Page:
The bill’s name — the “United States Innovation and Competition Act” (USICA), though it’s had a few different titles — probably makes it sound boring, but it’s proving to be one of the most controversial legislative disputes of current Congress. .
It is a bill that lawmakers in both parties and both chambers have been working on for nearly a year. USICA’s point is relatively simple: It aims to bolster US competitiveness and counter China, largely by addressing domestic semiconductor shortages. It’s not the sexiest political fight, but it covers everything from manufacturing to jobs, trade to national security.
With this in mind, the House and Senate have already passed versions of the bill and sent the matter to a conference committee that began in April merging the competing measures into one final package. The plan was to pass the USICA for the fall elections.
Those plans were largely on track until last week, when Senate Leader Mitch McConnell suggested: he would kill the bill unless the Democrats give up an unrelated piece of legislation that the Republicans don’t like. Yesterday, Republican Senator John Cornyn of Texas published a tweet suggesting he’s on board with McConnell’s hostage strategy.
“Resembling [Senate Majority Leader Chuck] Schumer is giving up USICA, including strengthening the fragile supply chain for high-performance semiconductors. Major chip makers are likely to abandon their plans to build manufacturing facilities in the US. Huge blow to US national security, economy and high-paying jobs.”
Perhaps. The GOP’s legislative strategies can be somewhat confusing. That said, I may be able to help disambiguate the details.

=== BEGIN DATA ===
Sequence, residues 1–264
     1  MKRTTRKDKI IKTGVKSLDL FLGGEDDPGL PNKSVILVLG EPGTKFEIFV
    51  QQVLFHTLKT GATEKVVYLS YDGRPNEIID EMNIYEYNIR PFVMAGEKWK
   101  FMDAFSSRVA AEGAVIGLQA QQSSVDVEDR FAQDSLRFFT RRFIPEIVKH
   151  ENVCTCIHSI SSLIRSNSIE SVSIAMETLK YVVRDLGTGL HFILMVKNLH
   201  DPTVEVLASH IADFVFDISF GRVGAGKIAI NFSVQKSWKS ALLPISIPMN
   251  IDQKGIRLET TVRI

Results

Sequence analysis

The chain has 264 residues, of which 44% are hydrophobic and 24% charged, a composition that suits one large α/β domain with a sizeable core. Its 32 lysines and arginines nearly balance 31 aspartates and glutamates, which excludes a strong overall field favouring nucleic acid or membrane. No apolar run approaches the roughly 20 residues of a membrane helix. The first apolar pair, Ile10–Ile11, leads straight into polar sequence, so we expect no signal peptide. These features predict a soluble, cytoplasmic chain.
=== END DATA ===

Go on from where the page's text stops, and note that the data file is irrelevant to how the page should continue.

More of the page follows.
Schumer is not “give up” of the competition law. On the contrary, he and the Democratic Senate leaders are enthusiastic supporters of USICA. They are also working on a separate budget reconciliation package, which is currently aimed at reducing the cost of prescription drugs.
Senate Republicans don’t have the resources to stop the reconciliation bill — as a procedural issue, it can’t be filibusted — but they can derail the USICA legislation they ostensibly support because it can be filibusted.
In other words, GOP leaders are effectively telling the Democratic majority, “Stop trying to make drugs more affordable, or we’ll side with China on the semiconductor shortage.”
Or to use Cornyn’s phrasing, Republicans don’t want to deal a “hard blow” to US national security, economy and high-paying jobs, but GOP senators will do it anyway, unless Democrats give up work on an unrelated bill.
Ironically, it was McConnell who… explained last summer: “The president cannot allow congressional Democrats to hold a bipartisan law hostage over a separate and partisan trial.” Almost exactly a year later, McConnell and his allies now effectively say:“The president must hold Congressional Republicans hostage to a bipartisan law over a separate and partisan process.”
President Joe Biden, for his part, is unimpressed with the hostage strategy, telling a union audience in Cleveland yesterday, referring to threats from Republicans: “Folks, this isn’t right. This is not right.”
At the moment it is not at all clear how and if this impasse will be resolved. That said, the Democratic majority has a few options, one of which is simply the Senate version of USICA by the House. It’s also possible Democrats could try to add USICA provisions to their appeasement package, bypassing Republican tactics.
View this space.